Page 1 of 25 Aug 1883 Issue of Logansport Weekly Journal in Logansport, Indiana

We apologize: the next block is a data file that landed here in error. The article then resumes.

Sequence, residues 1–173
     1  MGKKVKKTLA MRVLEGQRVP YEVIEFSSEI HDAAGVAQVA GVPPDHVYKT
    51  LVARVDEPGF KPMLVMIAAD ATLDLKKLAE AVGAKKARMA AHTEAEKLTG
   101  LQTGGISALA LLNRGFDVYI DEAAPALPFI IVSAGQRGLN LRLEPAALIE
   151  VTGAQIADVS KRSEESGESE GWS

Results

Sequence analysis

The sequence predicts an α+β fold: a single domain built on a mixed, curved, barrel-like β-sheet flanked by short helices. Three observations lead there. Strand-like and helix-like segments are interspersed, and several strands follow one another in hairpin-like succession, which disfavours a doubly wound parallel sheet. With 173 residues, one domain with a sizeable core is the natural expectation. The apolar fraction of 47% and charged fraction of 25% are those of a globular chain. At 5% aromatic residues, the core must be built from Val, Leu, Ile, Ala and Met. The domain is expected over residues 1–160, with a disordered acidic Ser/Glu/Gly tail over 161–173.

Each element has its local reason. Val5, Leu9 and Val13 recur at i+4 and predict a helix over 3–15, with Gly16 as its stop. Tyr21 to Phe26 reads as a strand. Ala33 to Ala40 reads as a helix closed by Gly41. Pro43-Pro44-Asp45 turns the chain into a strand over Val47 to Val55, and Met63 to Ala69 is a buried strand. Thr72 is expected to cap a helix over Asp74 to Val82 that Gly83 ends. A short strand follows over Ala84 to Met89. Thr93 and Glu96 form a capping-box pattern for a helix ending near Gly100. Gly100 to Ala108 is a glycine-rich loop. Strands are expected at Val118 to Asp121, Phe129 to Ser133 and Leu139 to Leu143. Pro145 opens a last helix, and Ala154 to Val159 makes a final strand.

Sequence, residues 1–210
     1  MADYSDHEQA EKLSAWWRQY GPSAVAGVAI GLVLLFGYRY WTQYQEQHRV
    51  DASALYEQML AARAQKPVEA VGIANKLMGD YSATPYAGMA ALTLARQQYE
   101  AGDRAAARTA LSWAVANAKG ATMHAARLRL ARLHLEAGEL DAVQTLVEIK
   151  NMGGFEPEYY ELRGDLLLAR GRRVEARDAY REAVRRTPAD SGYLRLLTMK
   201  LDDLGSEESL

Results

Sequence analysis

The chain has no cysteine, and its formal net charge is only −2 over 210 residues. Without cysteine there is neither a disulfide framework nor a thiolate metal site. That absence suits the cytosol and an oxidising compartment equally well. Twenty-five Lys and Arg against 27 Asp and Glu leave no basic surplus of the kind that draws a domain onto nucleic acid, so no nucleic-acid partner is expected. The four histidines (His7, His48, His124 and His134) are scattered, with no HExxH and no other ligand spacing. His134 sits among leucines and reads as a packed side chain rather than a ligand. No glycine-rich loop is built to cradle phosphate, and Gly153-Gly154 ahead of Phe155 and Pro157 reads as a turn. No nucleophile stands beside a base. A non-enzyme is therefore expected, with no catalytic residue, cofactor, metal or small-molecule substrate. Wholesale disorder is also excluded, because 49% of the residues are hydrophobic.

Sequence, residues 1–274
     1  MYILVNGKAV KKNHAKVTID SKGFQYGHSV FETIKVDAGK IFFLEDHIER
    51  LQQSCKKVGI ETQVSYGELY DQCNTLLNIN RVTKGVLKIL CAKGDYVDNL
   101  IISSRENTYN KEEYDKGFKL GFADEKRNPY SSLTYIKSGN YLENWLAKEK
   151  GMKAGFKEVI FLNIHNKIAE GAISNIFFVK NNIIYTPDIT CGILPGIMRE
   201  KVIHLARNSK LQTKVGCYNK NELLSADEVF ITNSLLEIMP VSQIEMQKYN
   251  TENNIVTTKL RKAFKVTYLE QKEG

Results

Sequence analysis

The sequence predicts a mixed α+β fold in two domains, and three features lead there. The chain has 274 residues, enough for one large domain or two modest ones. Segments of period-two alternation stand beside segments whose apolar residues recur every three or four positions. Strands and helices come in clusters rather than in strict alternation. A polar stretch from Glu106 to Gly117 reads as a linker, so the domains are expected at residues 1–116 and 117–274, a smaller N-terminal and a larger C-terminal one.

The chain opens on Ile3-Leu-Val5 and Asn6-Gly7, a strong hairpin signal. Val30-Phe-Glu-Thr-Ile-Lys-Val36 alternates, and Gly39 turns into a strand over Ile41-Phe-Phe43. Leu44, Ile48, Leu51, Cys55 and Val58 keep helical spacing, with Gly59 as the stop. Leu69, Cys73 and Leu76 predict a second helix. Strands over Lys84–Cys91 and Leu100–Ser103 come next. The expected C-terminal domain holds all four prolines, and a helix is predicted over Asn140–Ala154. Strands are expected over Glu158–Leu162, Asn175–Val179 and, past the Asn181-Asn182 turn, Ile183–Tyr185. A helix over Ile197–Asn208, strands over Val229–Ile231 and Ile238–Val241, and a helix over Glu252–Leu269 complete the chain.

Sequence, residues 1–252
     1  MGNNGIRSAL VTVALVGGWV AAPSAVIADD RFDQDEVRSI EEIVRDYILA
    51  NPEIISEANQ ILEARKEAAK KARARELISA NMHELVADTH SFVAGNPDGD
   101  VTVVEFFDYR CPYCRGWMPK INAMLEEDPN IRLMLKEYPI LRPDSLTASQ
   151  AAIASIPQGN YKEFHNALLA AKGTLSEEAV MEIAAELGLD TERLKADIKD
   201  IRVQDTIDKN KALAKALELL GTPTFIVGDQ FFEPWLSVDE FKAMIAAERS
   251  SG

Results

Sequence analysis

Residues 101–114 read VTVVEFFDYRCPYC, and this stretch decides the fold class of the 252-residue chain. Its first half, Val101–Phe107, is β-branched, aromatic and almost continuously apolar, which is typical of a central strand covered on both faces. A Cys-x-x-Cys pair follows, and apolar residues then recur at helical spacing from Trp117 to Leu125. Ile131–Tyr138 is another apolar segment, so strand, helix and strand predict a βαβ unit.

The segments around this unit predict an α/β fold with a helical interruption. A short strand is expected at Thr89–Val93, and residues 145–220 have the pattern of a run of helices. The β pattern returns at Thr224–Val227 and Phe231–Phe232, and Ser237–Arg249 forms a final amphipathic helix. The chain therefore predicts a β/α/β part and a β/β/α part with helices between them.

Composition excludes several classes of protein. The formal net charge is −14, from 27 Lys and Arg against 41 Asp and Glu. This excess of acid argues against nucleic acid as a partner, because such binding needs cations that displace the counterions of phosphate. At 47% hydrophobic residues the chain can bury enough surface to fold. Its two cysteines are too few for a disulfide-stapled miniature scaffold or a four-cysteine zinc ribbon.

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Logansport Weekly Journal (Newspaper) - August 25, 1883, Logansport, Indiana The weekly journal. Vol. 35.logansport. Indiana saturday August 25, 1883.-12 pages. No. 37.european c re Respondence. There is Only one to form an adequate Iden of London and that i to take the thames it London Bridge and go Down to Tivey pronounce it As if it was come posed of two Ella bless Graves end and thus its meaning As an Index of the size of London becomes apparent then turn around and go up the River to Mortlake. Tie places Are about fort Miles apart and fully three fourths of this dist uce is within London for ten Miles on each Side of the River there Are nothing but ship docks and warehouses. These docks Are often a mile or two Long. Each nation has a Section to itself. The Calcutta ships alone would make a i eat water City. The Mediterranean Trade another. The China another and so on to the end of the chapter of course All the big ships Are Belov the Bridges. About ten Miles Belov the Tower lies the Nian of a r. Vav a sprite. One of the of l t wooden ships the biggest Lingin the Way of naval Arcini texture that i have Ever seen. Its vast size so vast to seem at a Little distance like a Jna Ine monster. The Host fatal of Greenwich ii is the ugliest of All Public buildings in England while the arsenals at Woolwich Are Only a succession of great piles of thick Stone and mortar. At Woolwich the thames widens to tiie size of the mis is Ippi at St. Louis and the Waves top the boats As in mid Ocean. Up t Moritake it contracts until it is no larger than eel at Uhl s dam a the Only difference being the ebb and flow of the tide while at Windsor it becomes even smaller but exceed in in Beautiful As it winds through the Willows and Green Meadows. Windsor is a pretty place but according to Niy idea far from impressive or Beautiful. The masonry of the Castle and the Castle itself while massive and extensive. Covering seven acres is altogether too new. The Albert Mau oleum while As gorgeous Asne v Gilt and in Uble can make it leaves n j very pern Anent impression on the mind. And the same Way with St. George s and its fresh White Marble and banne.-. Be Vivere graciously permitted by sonic Plunkey to sit outside the Itiat Small oper Etri called the divine service being performed within. The he id a by the Little Chobo. And t viled by the Gray ii aired clergy All clo Riiel in White surplice is rather in pres Ive. And so Are tiie Psahnas which Are All Sung but the Introit. As it is . Or tiie droning through tiie priest s no a of tiie Noble Sarvice of the English prayer Book is simply sacrilege. Think of asking god throw ii nose to Quot bless All a shirts and condition of men. Whether by land a v,%\ter.&Quot or Rej eating tie Litany in a measured . And i unifying it by the name of prayer. And the Sermon so called is the wore kind of Slop. Horace Greeley would Piave called it end while the epithet is coarse and repulsive it describes the fact exactly. No wonder there is so Little religion in the established Church and Itiat the people prefer to stay at Home. The Only Sermon Worth the name that we heard in an episcopal Church in England was that of Cannon Farrar who is a Low Churchman and will not tolerate Evilier the Introit or Plum Zieries of the High Church services. At Windsor i was More interested in the Royal stables than anything else. Here we get the be plus Ultra of horse life. One needs a guide Book to find his Way through. Are eighty grooms Coachmen footmen <fcc., Ani a al Rad of stable boys. Your Groom is a solemn creature clothed in Black Broadcloth and shiny stove pipe hat. And while he is not above receiving a Penny receives it in such a condescending style that it makes you feel Small and insignificant. Ill one of these Equine Cloisters i counted thirteen White horses in another were the Bays in still another were the Blacks and in still another tiie Saddle horses. Then there were All sorts and sizes of carriages from the single Phaeton that will Only hold one up to the elaborate six horse coach for big occasions. The ventilation and All the appointments for Light and food Are perfect. Happy the horse that iinds admission Here. Although he is liable to take Long Railroad rides As it is the custom whenever the Queen visits one of her castles to Send on a train in Advance made up of horses carriages servants and perhaps clergy. One of the grooms pointed out to me the tracks of the Queen s Carriage mide upon her Cepa Tare for Osbarne Castle with an air of reverence As if it was a thing that was Good for weak or democratic eyes. Upon the Oigt polite Bank of the thames is the famous school of Eton. The English always draw a Vowel Eton being pronounced like eater Aud Avon with a Long Flat a Aveon. Tipiere Are Over one thousand boys Here mostly the sons of noblemen. The air is thick with Tipeni in their ugly Little stove pipe hats turn Over collars and roundabouts. I took time and in tired about them an j their studies and habits. They begin at Aii oat ten or twelve years of age and stay ii Ere seven years devoting their time chiefly to the study of greek and latin which is carried to great perfection. After graduating they Are ready to enter Cambric a or Oxford. But a first class graduate of Eton is infinitely ahead of the graduate of any american College in his knowledge of the dead languages and probably a Jula in mathematics. If after four years More study at it Ford or a Init Edge he graduates with it is called his head is for life. If he go a into the Church he is in time made a Bishop if into Public life he is almost sure to become after awhile an m. P. Gladstone graduated the Captain at Eton and a double first at Oxford in and the next year sent to House of commons where he has remained Ever since. Some of the feature of Eton Schoolboy life Are very noticeable. Each boy has a sett of rooms and keeps House the Only meal he eat out of his room is dinner. He makes his own Tea and Toast and buys whatever else he eats. The Small boys have to wait upon tiie big ones or As it is called Quot fag Quot for them that is Sweet their rooms do the cooking and run errands. As All boys begin at the beginning. After awhile Quot tagging Quot ceases and Uliey Are waited u on by of tiers. A Duke s son often is the fag of a boy to whom ii would not speak away from school. It is thought that this develops a manhood and perhaps it does. Another carious feature of this school is its by of a of punishments. Boys disobeying the Ules of the school or not learning their be sons Are flogged. There is no Humbug about this either the punishment runs from three to twelve cuts. The cul2 Rit lets Down Iii breeches and bends Over a Block and receives his Medicine on the Bare hide and of Ien in the presence of his class. If ii is a couple of other boys hold Hini Down. I heard this anecdote one of tit boys was the son of a Duke. His Mother w is on a visit to the Queen. The Sou went to the depot to see her off on the train and Wiiilie waiting for his Mottier he could not resist the temptation to disobey one of the rules of the school and was caught in the very act by a master who took out his Pencil wrote an order that he should receive so Many cut3.and sent him Back to the school to take his punishment. Whit on the Way he met his Mother coming for. The Castle and he had to show her the order. The Duchess was obliged to sit in or Carriage while her son went to the swim Olin room and took his Medicine. The l Abicic sentiment of the school sustains Thi t to u. I barbarous sentiment of Faggin ind flogging. A pleasanter feature of the is the Are As much Cirii rated apparently As the studies. The b. either dry bobs or wet bobs that is cricketers or Boatmen. Cricket is Bro Ugnit to perfection of a science and so is boating and the Competition. Especially in tie latter is frightful. To be stroke oar or Coxs in. Or of the at Eio ii is Honor for a lifetime. Before a boy can become a wet Bob. He must pass an examination in swimming. The River thames is Black with these Little boats and i saw almost numberless Schoolboy Crews dressed in uniform. I it act icing Row so sorting men from London to Coa Clr them ing. They regularly import professional the boys Are Fine looking Fellows of All Ages from the Little midget of ten to the tall athletic Young Man of Eigi Iteen or Twenty. I walked through their i Beautiful buildings and gardens. The school was founded Over five Hundred years ago. And has included among its students such men As the Duke of Wellington Peel Chan Ning Pitt. Lord Byron. Gladstone a Cloud of statesmen scholars our Chunien and scientists All of whom upon leaving Cut their names upon some part of the buildings. I have Only time to add that the teachers at Eton Are very Able men As a Rule and receive in Many cases very High pay the head master so called. It ,000 a a ear. It is this thoroughness in education that makes England so great. This system turns out each year from one to half a dozen exceedingly Able men who in time after the proper seasoning and experience become the leaders of thought and management in English society and government. Except Quot Joe Quot Chamberlain i doubt if there is a a leading Man in the British government that has not received this peculiarly British training. This boating and cricketing together with Fox Hunting in vacation and out of door life gives them those Powers of endurance of Orshich they Are so celebrated. A life in the House of commons would kill any Ordinary Man especially if he took a leading part. And that leads me to speak of the House of commons As i saw it last monday night. In size the room is not As Large As the u. S. Senate chamber and very limited accommodation for visitors. It is As much As a Man s life is Worth to obtain admittance. There is Only seating room for >01 visitors the ladies having a Little space fenced in with an Iron screen not unlike a woman s place in a jewish synagogue. By dint of flattening their noses against this Iron screen the women of England to the number of Twenty five per evening in this Little Coop enjoy the sight of British legislative Lions. It must be said that the appointments of the room below Are first class. Tie ventilation and Light Are perfect. The members sit with their hats on and it certainly does not Inake a Beautiful or Graceful sex i odium for a dist Ingui hed orator full of Quot words that Breattie and thoughts that Burn to begin As they mostly do begin by taking their hats off and secreting them under tiie Bend. It is not Safe to to put them on the seat behind the orator for they Are liable in Case of a sudden peroration. To be sat Down upon. Tipiere Are no desks. The members sit in rows on Long Cusi ironed benches Sacii sent with a plate upon tie rail containing the occupant s name. This contributes greatly to facilitate business for there is nothing to do except to listen to the business in hand tie appearance of the body closely resembles that of t Nel Quot. S. Senate. Tie members Are a solid look inti body of men. Mostly wearing heavy Bear with litre and Tipiere a Mug comic in its solidity except Gladstone i did not see a Man that impressed himself upon me. Gladstone s splendid head and deep Black eyes Gray i air and aristocratic whiskers attract Universal attention. He looks More like a lion than any Man i Ever saw. Right opposite Gladstone sits lord Randol it a Churchill the Thorn in Gladstone s legislative Side. He is a great grandson of the Duke of Marl Borough parts his hair in Tho Middle and is As much a Fiste in his looks As Gladstone is a lion. He worries Gladstone s life out of him. As Little Percy Belmont did Blaine last Winter Over the Chili business. One of the Best pictures i Ever saw is entitled Quot dignity and you have All seen this picture a Hundred times a big Newfoundland dog and a Little poodle. Upon the big dog is the head of Gladstone and upon t be Little dog the Lead of lord Ciui chill. I am disposed to to link that Gladstone s administration is about to get a notifier fall. He Don t seem to Piave the Reid Misite tact or knowledge of men to make a i Success of his government. His Cabinet is neither the one nor the other. But a mixture of whig and Radicic. While the opposition Are a unit and acting upon the principle Quot anything not in gentle Manly. You know to beat just now the Suez canal question takes the wind out of All their sails and Trio i no re it Sion to be that Quot Jimmie Quot Crapard has got the Best of the bargain. We Are to night packing up our trunks and to Morrow at 10 a. M leave for Paris and the continent after six Mot delightful weeks in England and Scotland. I have a note Book full of memories. A. P. B. I Itok jocks Ai we left London a few Days ago for Hollands that land of fens and Dykes and wooden shoes and Strong common sense and of Liberty. Our stay of nearly a Mont i in Loudon had rendered us somewhat familiar with Metropolis which if not the Ca it it ii of tiie world is at least its monetary and mercantile Center the vastness of this City impresses one with his own littleness he seems to Loose his own personality and is swallowed up in one vast sea of humanity that can hardly take Cognize be of one of its individuals any More than can old Ocean distinguish one of its drops. Our itinerary led us to Queensborough and thence Over the North sea to Flushing. This sea is sometimes very rough and persons who had crossed before told tales of sea sickness that were bad enough but fortunately for us the winds was Calm and the sea was Placid the entire Way. In London we had some time to wait for the train and As almost anything for the want of something better attracts the attention when one has nothing to do. So Many waiting like ourselves were amused at the never ceasing restlessness of a very Small Man with a very Large wife who was fearful of taking the wrong train. On Board the vessel there was a grand Rush for state rooms and when they were secured it was found that the sexes were to be separated for the night three or four ladies being allotted to one room and three or four gentlemen to some other room and so on. This was the first evidence of discrimination against the Texas that we had thus far met with and whether or not dutch manners and customs May have had some occult reason for it we have been unable to find out. The parting of the Little Man from his wife was noteworthy Essie i ally As she seemed to think there was a Remote Chance of his Rushing overboard before the night had passed. In the morning when i had reached deck we found that we had approached within a mile of Flushing and the appearance from the water was at once striking and unique totally unlike any american City the houses stood out against the sky with an air peculiarly foreign the Gables were Steep and ran up in Little Steps As it were to the Combs of the roofs which were All covered with red tile. At intervals along the Shore could be noted a wind Mill with its huge arms whirling in the wind. I was forcibly reminded by what i saw of some of the landscapes of the old flemish masters descriptive of Holland and especially of a picture by Turner in the British gallery of Fine arts. Once on Shore we were As much amused and interested by the Many strange sights of oddly dressed country people of quaint shaped houses and Yards of narrow streets and Little carts with dogs pulling them and a Hundred other things that were new. As previously we could have found it possible to anticipate. This indeed was a foreign land. A Novelty to some a is the manner in which the station master Wiio by the Way is Here called Porter came along before the train started and roared out in deep Gutter al tones the names of the different towns which the train was to pass. It a piece of linguistic dec in a i Ament won Dertil to the ears Antl Sui Mient too Nuj a the uninitiated wit i laughter and the Little in a before spoken of nearly went into i vote is. In flus Liing very Long names frequently on the sign posts and near Railroad stood some Public institution the title of which contained t Lirty eight letters. I tried to pronounce it but it nearly dislocated my jaw so i Mei Ely copy it that you May try your hand or rather your Tongue at pronouncing it. Here it is Harnach Lens lifer i take some Pride in Titis word for if 1 have not pronounced it i would re contend it to some of the Logansport frends who Are lately giving much time to this species of accomplishment and who even go so far As to pronounce dog As Dag. The Little Man tried to unravel this word and worried himself a Good Deal Over it until his wife satisfied him by spying that it had been at one time she fancied a place of fearful torture probably dating Back to the Spanish occupation of the Netherlands when the Duke of Alva was vice intr this i feel certain was All stuff and nonsense bit it had its effect in quieting the nervous Man and his eyes set tied on the a lace to remain there till i left him. What seemed cruel and Hei artless was a number of Small wagons coming to Market filled with vegetables and each drawn by a woman and a dog. The husband walking along and a Pii etly giving his orders where to go. We made the journey from Flushing to Rosendale in about three hours through what might be Tei med a typical specimen of the scenery of the Low countries. On every hand huge Dykes were raised to keep off the incursions of the sea for most of these Rich lands have at some time been reclaimed from the Ocean. The Farmers have a novel Way of preserving their Hay fresh As if newly Cut for feeding in the Winter they do it in this Way a pit is dug about two feet deep and the Earth to Airowti out is used to raise a Low Wall around the pit. Into this place they throw the fresh Cut Hay. Ltd without allowing it to dry cover it with Earth several inches in thickness Here Tiff Hay remains fresh and Green out spoiling and is dug out and fed to the horses and cattle in the Winter time. Why is it that this plan could not be adopted in other localities and with like results a the Hiir Vest of wheat Rye and Oats is now Ripe and is being Cut with the sickle mostly by women the Cradle or the reaper have not reached to is land yet. The yield of Grain will to enormous this season through All the Low lands of Holland. It is in any of these Small villages that the traveler can see it quaint styles of dress that have descended from Parent to child for generations past and these styles Are a never failing source of interest to mrs. B. A Large portion of the land in this country is Juite Flat and actually lower than the surrounding sea. These lands Are exceedingly Fertile and Are slowed in narrow ridges Between each of which is a Furrow or ditch at least three feet deep which usually is partly full of water All summer even during a dry season and i think i May safely say that water May always be found within about two and a half feet of the surface. A Large portion of the work on the farm is done by the women and As a result they have become Strong Large boned and Broad waisted. A Farmer with his wife and a dozen grown up daughters considers himself in excellent trim for farming. As a Rule he would much rather not have boys they Are often a source of trouble to their parents they get Independent notions into their Heads and wish to join the army or if their ambition does not tend in this direction then As they grow older say about Twenty three or four they Are Apt to contract a dislike for he i by labor but prefer to go around and Alize the steady hard working daughters of some other Farmer thus they Are a constant source of trouble which the agriculturist would soon get rid of if he could Only always rely on the assistance of his daughters. I shall always have a plea ant memory of what i saw in Holland. The people As a Rule Are Well educated Corteous and honest and you meet with Many a handsome face and elegant figure. The race is a Hardy race Thrifty and enterprising and has Long ago made its Mark in the world s history. A visit to Antwerp is always an interesting one. The museum of printing the oldest in Belgium was first established in the sixteenth Century. The i it Ori Raits of the Mere ton family who a or generations presided Over the establishment painted by Rubens adorn the Walls. A full Day can be profitably spent in examining a vast Library of old books and printing presses of very strand e designs and a vast collection of etchings and to a graving. And old engravers tools All full of interest to the antiquarian. But the great Center of attraction is the Cathedral. The three paintings that la of immortalized the name of Kubi is Are ii Ere. One. The Manurs Over tiie Alt in. In Tik right transept i the Quot de cent from the and in tiv left to Ines t is the Quot Elevation of the in the it of i Roux it Iii. In perfection of Colorina. In Intel Ity of tone and magnetic nce of de Ign. These three pictures rank nigh among tiv celebrated Painti nits of the world and ire Alnio to wort ii a Viii acro a the Atlantic to see. Wiiilie we were studying then tiie Cathedral Chimes of ninety nine Bells ii Gan some Sweet Anthem and the Silver tones came swelling through the teat Church in cadences never to be forgotten and while under the influence of this spell Wlinich seemed to arouse every emotional feeling a look at the sad. Sweet Foru iving countenance of the Savior in one picture and in the other the triumphant Calm when the agonies of death had Pas de. So full of love and pain and sorrow not the i it Ain of an injured limb or nerve but the distress that comes from an unrequited love such a look leaves an impression of god s love for Man that an Hundred sermons could not convey and i cannot but feel that this sentiment would grow stronger and Strong or. Longer the in divid ital had to study tiie masterpieces of such a master. I find my kno Wied a of French invaluable to me and thus far there has been no draw Back to a proper appreciation and enjoyment of this Uriost delightful land across the Atlantic is of full of All that is elegant and in Art in whatever direction it May be of Replete with All Tho a higher in Luence that to to Enoble and refine e an. And to pret it Are him for a More elevated and better life. Yours Etc. 11. Be a. Antwerp. July a Day at Chautauqua. A Long de fire to see this fam Otts re Ort was gratified last week. The route thither was via. The Indiana. Bloomington it Western. And t be new York Pennsylvania in it Hio railways. The equipments of both roads Are first Clas. Their coaches Are elegant in finish and furnished with Tho a conveniences so a entail to the traveler s Comfort. Their roadbed Are in excellent condition and their ervice is prompt courteous and reliable. The coaches of the latter Are Lii rated by Gas. And the Fine to print can be Eaily read. Thi line is without a rival in its facilities for reaching Chautauqua. Leaving the cars at Jamestown an attractive and thriving town of . A Steamer was t Ken of head of the Lake. The sail on ple i int Orn no up this winding River a it i Quot Quot ily a by our whose Low Bau s Are t with a great variety of Tret a a Hrubey was very enjoyable and the boat steam the Lake the scenery became enchanting. Chautauqua is a Lovely Sheet of Clear water. Its length is 24 Miles and its Width varies from 2 to a Miles. It is feet above Lake Erie and 13c2 feet above the sea. It is surrounded by Woodland and Well cultivated farms which often extend to the water s Edge while at Many Points Are line hotels and handsome residences. One of the most Beautiful spot is Lakewood. 4 Miles above Jamestown. Its picturesque cottages surrounded by Forest Trees its velvet lawns gradually sloping to the Lake its meeting House its Large hotels with Shady verandas with tic water in the foreground form almost a perfect picture of Rural loveliness. At fair Point or Chautauqua As it is now called not far from the upper end of the Lake is held annually the great sunday school Assembly. Cottages boarding houses and tents Are thickly scattered everywhere in the Woods. Lamp posts and Gas works hydrants and water works electric lights an immense hotel Post office Book and grocery stores Telegraph office fruit and ice Cream stands the shrill scream of frequently arriving and departing boats express wagons ice carts delivery wagons buggies and carriages skating rink Halls too numerous to mention the vast amphitheatre the Chapel the children s Temple the local daily paper. Boot lacks Barber shops the pealing Bells the crowds of hurrying people make you think you Are in a City and Yon Are Correct in your impression for Here Are people All Bent on profit of some kind. But two signs of the common City Are lacking Viz. The lawyer s office and the Saloon. What was the origin of this Enterprise about ten years ago Rev. J. H. Vincent d. D., the sunday school Secretary of the m. E. Church with other established Here because of its romantic Beant healthful Ness and Central location a Normal school in which sunday school teachers could be trained for More it client performance of their work. The services of the Best lecturers and instructors who could be had. Were secured. Those who attended were so much benefited that they became enthusiastic Over the Chautauqua idea and their number has swelled annually. A company it pre enting it is said. .-<�00 has been formed and made All the improvements. But the original purpose has been enl arced until nov. The plan is to furnish facilities for literary and scientific training. Instruction in the hebrew latin greek Anillo s Ixon. French. German and Engin a languages is Given also ill various depart sent of science literature and Muic. Abl lecturers discuss their sgt eci Alit to. Vrej near course of study has Jeen in Narod. Everything is a it Lanned with reference to the Ini Parta tion of a better knowledge of the Bible and the Christian re ii a Ion. The Bible is tiie great Central text Book. Why is Cibau Taqua of attractive for a variety of reasons. Prom eight in the morning till ten at Nair it there is something to interest. Instruct or amuse. A daily programme is published each morning in the paper and not an hour is unoccupied. No one can complain of ennui a refit is far More Likely to be the complaint. The lectures and which there is a most Liberal Supply Are always Good while some of them Are specially Fine. The most famous men and women in this country appear on the Chautauqua platform. A chorus choir of several Hundred carefully trained and Well led. A Fine orchestra and a grand pipe Organ every night make music which stirs the blood of the most sluggish. I heard Quot Auld Lang syne Quot Sung with thrilling Power. The religious life is cared for. Daily devotional meetings under experienced leaders. Fre pint conferences by eminent workers Are full of spiritual stimulus. Great pains Are taken with the children. They have a Large Temple of their own where they Are daily gathered and taught. The biblical museum wherein Are found so much Ilin Stative of ancient customs and Bible lands is full of instruction. A miniature Palestine on the Shore of the Lake we Iii represents Well the Mediterranean sea. So Laid out As to represent its mountains and valleys and Hills and streams the Jordan Valley lakes Merom and Gennesaret and the dead Soa. Jerushu Lem. And the other cities and villages is very attractive though in Many of its details it is inaccurate. Further Chautauqua is not a a in Knsble resort. Teachers ministers and men in moderate circumstances can gather Here without being dazzled humiliate d and shamed by Tho presence of the taunt aug Bon ton. Vulgar wealth does not at Chautauqua but brains and religion. There Are no races no boats Are permitted to land on sunday no sunday excursions Are allowed. No notice is taken of one s dress if it be decent. The spirit of the place is thoroughly democratic. What is the denominational status of this institution Methodi Stic. Its head. Or. \ incent is a methodist As Are most if not All the incorporator. The most of the streets or avenues Are named after methodist Bishops and ministers. The favorite figure of or. Vincent is Quot Chau Tauna s Root in Methodi Stic its trunk evangelical and its branches this my be True but in All such institutions the Root gives life and direction to the whole growth. Still men and women of most of the religious bodies Are engaged in it and Are warmly welcomed. Bat All the has the methodist sound. What about a Utility of the work accomplished variable. Some of it is Good and some of it is worse than Good for nothing. Its main Benefit is the mental and spiritual activity which it aroused. Almost anything is better than stagnation especially when on the whole a right direction is Given to the movement. Whip the lectures and addresses Are Good yet some of the class room instruction is vague and exceedingly inaccurate. I heard the instructor in the new testament say that there is no More connection Between classic greek and new testament greek than there is Between Man and the Monkey. Between both is a wide unabridged chasm. The one is not derived from the other. A greater Absurdity no Man Ever uttered. Had it not been for the classic greek the new testament greek would never have existed and the most eminent scholars of the latter have found a knowledge of the former absolutely essential to the highest degree of Success. Of much of the work performed at Chautauqua it must be said that it is quite superficial because of the hurried manner in which so much Irro und is gone Over. Still much Gootel is undoubtedly accomplished. One of the most striking events i witnessed at Cibau Tauvaa the illuminated Altet. A i a certain the outer railings of Tuu s and steamers and Large frames in Row boats and the Trees around the Shore Are thickly Hung with chinese and coloured Glass lanterns. There Are thousands of them and ail Are lighted and the boat sail in circles and let off All kinds of fire works amid the ringing of Bells and the Roar of the steam whistles the scene is Brilliant beyond description. A ship built of refuse lumber and Well oiled was Burnt and its leaping flames lighted up far and wide the Waters and added splendor to the occasion. This visit ende i with a trip Down the Lake on a warm Moonlight i ight it was so charming that the bit was exchanged wih Reguett u the hot. Dust . L. S